We are gonna start using Mondays for sharing breakthroughs in the primate world (at least the ones we think relate to Bigfooting). While we know there is a debate about whether Bigfoot is a man/animal/primate, and strong arguments for each theory, we think our best model for Bigfoot are other primates.
So what's new in the world of primatology? The semantics of alarm calls. This ties in great with most of the recorded Sasquatch vocalizations we have. This excludes the Sierra Sounds. We covered the potential Sasquatch language discovered in the Sierra Sounds in another post last year. Our feeling is the Sierra Sounds are from acclimated Sasquatch, due to the fact that they were recorded in the same location over a long period of time. After all, it takes a while for a primates, and even humans, to get comfortable enough to converse around "strangers". Alarm calls are different, and the majority of recorded vocalizations are, most likely, alarm calls.
How else can I tell I'm hearing alarm calls?
According to Primatology.net: "Alarm calls are typically high frequency sounds because these calls are hard to localized by predators. On the other hand, low frequency sounds are easier to localized by predators.
What is even more interesting, these alarm calls may be innate, meaning they are coded within the DNA of the species. In studying, "Monkey Responses to Three Different Alarm Calls: Evidence of Predator Classification and Semantic Communication," three groups of Vervet Monkeys were identified as making similar calls for similar predator warnings:
We refer to these three calls as leopard, eagle, and snake alarms. Leopard alarms were short tonal calls, typically produced in a series on both exhalation and inhalation. Eagle alarms were low-pitched, staccato grunts, and snake alarms were high-pitched "chutters."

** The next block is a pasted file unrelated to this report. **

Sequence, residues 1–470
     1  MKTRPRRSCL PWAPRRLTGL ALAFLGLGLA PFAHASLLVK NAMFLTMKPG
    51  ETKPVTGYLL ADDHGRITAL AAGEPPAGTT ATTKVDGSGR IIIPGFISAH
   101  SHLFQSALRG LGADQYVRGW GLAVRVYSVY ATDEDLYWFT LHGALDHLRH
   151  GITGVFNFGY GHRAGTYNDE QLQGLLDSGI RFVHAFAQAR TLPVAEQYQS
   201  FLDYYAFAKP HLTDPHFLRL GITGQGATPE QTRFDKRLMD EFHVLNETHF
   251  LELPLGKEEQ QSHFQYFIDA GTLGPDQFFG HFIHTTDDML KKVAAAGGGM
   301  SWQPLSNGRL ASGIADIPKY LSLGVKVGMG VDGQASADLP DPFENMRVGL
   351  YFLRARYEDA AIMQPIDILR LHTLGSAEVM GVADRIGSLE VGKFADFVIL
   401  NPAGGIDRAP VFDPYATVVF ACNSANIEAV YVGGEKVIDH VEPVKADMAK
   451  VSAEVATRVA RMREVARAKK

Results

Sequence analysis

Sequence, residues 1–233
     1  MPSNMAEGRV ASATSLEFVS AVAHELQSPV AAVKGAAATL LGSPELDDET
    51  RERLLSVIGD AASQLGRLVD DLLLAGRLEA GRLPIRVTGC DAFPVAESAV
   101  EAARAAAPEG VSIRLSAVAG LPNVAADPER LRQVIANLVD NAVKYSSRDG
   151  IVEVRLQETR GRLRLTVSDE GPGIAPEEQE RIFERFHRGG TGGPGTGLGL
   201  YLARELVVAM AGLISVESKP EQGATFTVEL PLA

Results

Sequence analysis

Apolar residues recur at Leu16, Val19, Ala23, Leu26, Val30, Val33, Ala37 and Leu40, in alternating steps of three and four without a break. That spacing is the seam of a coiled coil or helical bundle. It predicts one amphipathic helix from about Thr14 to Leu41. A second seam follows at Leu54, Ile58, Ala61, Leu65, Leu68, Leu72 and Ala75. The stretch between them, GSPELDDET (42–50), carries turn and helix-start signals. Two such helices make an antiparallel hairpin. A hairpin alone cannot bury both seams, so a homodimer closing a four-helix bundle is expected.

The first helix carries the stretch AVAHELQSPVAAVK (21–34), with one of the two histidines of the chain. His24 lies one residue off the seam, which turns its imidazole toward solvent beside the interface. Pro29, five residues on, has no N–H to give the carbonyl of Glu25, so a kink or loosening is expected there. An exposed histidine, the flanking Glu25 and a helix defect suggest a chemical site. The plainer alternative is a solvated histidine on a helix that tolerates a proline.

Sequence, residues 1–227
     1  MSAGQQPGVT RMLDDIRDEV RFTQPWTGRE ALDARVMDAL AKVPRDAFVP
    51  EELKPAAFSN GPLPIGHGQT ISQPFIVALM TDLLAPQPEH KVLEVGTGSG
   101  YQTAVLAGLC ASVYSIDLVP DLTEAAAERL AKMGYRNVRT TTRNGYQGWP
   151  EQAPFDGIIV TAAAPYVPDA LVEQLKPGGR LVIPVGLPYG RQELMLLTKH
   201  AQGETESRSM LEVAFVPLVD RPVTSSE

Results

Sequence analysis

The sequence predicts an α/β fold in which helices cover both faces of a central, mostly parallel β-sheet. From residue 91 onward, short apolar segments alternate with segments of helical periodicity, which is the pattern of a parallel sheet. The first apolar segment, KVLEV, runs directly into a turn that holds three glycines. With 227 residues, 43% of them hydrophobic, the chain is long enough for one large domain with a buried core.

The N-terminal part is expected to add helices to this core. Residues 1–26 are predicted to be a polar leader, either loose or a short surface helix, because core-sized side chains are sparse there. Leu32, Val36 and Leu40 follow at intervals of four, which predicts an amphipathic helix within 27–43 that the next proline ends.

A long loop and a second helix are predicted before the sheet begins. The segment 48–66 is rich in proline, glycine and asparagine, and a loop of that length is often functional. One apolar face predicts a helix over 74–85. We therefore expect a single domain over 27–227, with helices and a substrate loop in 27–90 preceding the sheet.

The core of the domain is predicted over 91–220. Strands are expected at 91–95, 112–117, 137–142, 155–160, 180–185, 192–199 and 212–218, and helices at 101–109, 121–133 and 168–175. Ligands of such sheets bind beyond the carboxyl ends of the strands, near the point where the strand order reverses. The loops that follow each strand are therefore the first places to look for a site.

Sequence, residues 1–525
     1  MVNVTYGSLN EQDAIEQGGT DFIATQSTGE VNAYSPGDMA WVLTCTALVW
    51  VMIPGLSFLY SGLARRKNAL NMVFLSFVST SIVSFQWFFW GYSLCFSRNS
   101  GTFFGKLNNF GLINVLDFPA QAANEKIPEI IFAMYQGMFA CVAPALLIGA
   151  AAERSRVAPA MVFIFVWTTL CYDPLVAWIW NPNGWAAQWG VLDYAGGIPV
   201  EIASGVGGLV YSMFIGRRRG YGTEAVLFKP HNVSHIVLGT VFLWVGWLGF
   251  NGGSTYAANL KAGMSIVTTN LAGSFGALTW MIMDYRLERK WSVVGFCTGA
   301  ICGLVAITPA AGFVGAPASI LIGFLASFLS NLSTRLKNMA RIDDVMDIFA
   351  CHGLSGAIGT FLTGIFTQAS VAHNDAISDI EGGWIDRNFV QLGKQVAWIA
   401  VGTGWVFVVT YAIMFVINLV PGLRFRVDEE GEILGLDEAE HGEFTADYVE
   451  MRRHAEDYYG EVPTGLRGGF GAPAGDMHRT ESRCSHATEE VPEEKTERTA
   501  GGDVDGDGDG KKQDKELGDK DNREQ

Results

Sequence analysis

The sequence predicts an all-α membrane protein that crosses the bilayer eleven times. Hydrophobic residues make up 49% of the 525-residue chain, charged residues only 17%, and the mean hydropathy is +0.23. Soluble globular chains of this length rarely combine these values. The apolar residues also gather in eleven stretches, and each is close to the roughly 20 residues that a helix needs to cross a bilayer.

The study continued to explain how each type of call elicited a different physical response:
When monkeys were on the ground, leopard alarms caused them to run up into trees, where they appeared to be safest from the ambush style of attack typical of leopards. Eagle alarms caused them to look up, run into dense bush, or both, apparently to avoid an eagle's stoop. And snake alarms caused them to look down at the ground around them. Such responses suggested that each alarm call effectively represented, or signified, a different class of external danger.
Vervet are not the only monkeys with these same alarm call traits. If alarm calls were exclusive to vervet monkeys, than it wouldn't have a high value to Bigfooting. Other Monkeys include white-faced capuchins, campbell's monkeys, diana monkeys and more.
While we need a lot more evidence to determine if any of this is helpful to Bigfooting, we feel primatology has come a long way since wood-knocking and it wouldn't hurt to begin to incorporate some of the other traits shared by multiple species of primates.
The Semantics of Vervet Monkey Alarm Calls: Part I
Alarm calls of white-faced capuchin monkeys: an acoustic analysis
Monkey Responses to Alarm Calls
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